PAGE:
Atlantic Coast Line R. Co. v. Burkett.

192 F.2d 941 (1951) | Cited 16 times | Fifth Circuit | November 16, 1951

Before McCORD, RUSSELL and RIVES, Circuit Judges.

RIVES, Circuit Judge.

Under the Federal Employers' Liability Act, Title 45 U.S.C.A. § 51 et seq., plaintiff-appellee secured a verdict against defendant-appellant in the sum of $25,000.00 damages for personal injuries. The only alleged errors relate to the court's charge to the jury and to its refusal to hold the verdict excessive.

Plaintiff was a helper to car repairer Gene Cannon. Cannon instructed him to help carry a rail weighing about 300 pounds, and plaintiff was at the lead end of such rail. Plaintiff claimed that the rail was so heavy that he could not get it on his shoulder; that he had to bring it around a post, and that it was necessary for him to walk backwards; that when he had taken three or four steps backwards he fell over a pile of scrap iron and other debris and was severely and permanently injured.

As grounds of negligence, the plaintiff claimed that Cannon suddenly, violently and without warning pushed said steel rail, and also that defendant allowed the scrap iron and debris to collect in its railroad yards and failed to use due care to furnish plaintiff a reasonably safe place to work.

Defendant denied that it or its employee Cannon was negligent and claimed that it was the duty of the plaintiff to have removed the scrap iron and debris over which he fell, and that the cause of his fall was his failure to perform that duty and his negligence in walking backward, paying no attention to where he was going.

Appellant's first specification of error is as follows: "The trial judge erred in charging the jury, over timely exception of defendant, that as a matter of law the plaintiff in this case did not assume any risk incident to his employment, because there was no issue made by the pleadings or evidence with respect to any assumption of risk and the injection of this issue would tend to lead the jury to believe that the plaintiff might not be required under the law to exercise ordinary care that would be placed upon him by all the circumstances of the case, and such charge was calculated to confuse the jury to the prejudice of the defendant."

Appellant of course concedes that it was held in Tiller v. Atlantic Coast Line Railroad Company, 318 U.S. 54, 63 S. Ct. 444, 87 L. Ed. 610, that the effect of the 1939 Amendment to the Federal Employers' Liability Act was to obliterate from the law every vestige of the doctrine of assumption of risk and to prevent any reliance on the doctrine for the purpose of establishing absence of negligence on the part of the employer.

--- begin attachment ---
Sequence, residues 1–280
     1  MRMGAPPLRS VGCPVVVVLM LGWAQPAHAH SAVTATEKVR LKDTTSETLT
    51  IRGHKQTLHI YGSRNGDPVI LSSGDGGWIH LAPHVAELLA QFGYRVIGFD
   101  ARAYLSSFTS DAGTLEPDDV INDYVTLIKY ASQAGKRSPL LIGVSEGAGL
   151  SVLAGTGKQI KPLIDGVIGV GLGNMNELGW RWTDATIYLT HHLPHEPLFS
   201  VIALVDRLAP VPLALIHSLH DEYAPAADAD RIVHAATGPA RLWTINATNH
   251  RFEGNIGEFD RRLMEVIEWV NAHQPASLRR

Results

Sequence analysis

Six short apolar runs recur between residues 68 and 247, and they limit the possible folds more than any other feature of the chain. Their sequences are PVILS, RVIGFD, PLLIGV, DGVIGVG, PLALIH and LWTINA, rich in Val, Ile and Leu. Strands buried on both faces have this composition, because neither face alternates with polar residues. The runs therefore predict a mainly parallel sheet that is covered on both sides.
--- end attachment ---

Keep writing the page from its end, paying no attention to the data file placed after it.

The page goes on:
The appellant puts strong reliance on the case of Ellis v. Union Pac. Railroad Co., 148 Neb. 515, 27 N.W.2d 921, 926 not as a controlling precedent, but because its reasoning is persuasive. The charge under consideration in that case was held by the Nebraska Supreme Court to be not only abstract, but also prejudicially erroneous because, "It did not intelligently contain the qualification that the risks of his employment, which plaintiff could not be held to have assumed, were only those risks caused by or resulting in whole or in part from defendant's negligence." In the case at bar, a subsequent part of the court's oral charge did contain that qualification: "I charge you further, gentlemen of the jury, that in any action brought against any common carrier under or by virtue of any of the provisions of this chapter to recover damages for injuries to any of its employees, such employee shall not be held to have assumed the risks of his employment in any case where such injury resulted in whole or in part from the negligence of any of the officers, agents, or employees of such carrier."

Other parts of the charge emphasized the necessity of proof of the defendant's negligence as a prerequisite to a verdict for the plaintiff.

Under the pleadings and evidence in this case, we think that the trial judge was justified in thinking that in the absence of a charge on assumption of risk, the jury might have considered that defense under the guise of nonnegligence. As said in the Tiller case, supra [318 U.S. 54, 63 S. Ct. 447]:

"Unless great care be taken, the servant's rights will be sacrified by simply charging him with assumption of risk under another name".

Further, we should disregard any error which does not affect the substantial rights of the parties, and should not reverse and remand this cause for a new trial on account of any alleged error unless it appears to us that our refusal to take such action is inconsistent with substantial justice. Federal Rule of Civil Procedure, rule 61, 28 U.S.C.A.

Appellant's second specification of error is as follows:

"The trial judge erred in failing to charge the jury, upon timely written request of defendant, as follows:

"That the rule applicable to all duties arising between the employer and employee, in this case, that is between the plaintiff, James M. Burkett, and the defendant railroad company, is the requirement that each exercise reasonable or ordinary care in view of all the circumstances, and therefore negligence on the part of either the plaintiff or the defendant railroad company, would be the failure to exercise reasonable or ordinary care in view of all the circumstances."

In its oral charge to the jury the court did not specifically define the term "negligence." We think, however, that without a formal definition of negligence, the court's instructions covered the subject as applied to the specific acts of negligence charged in this case.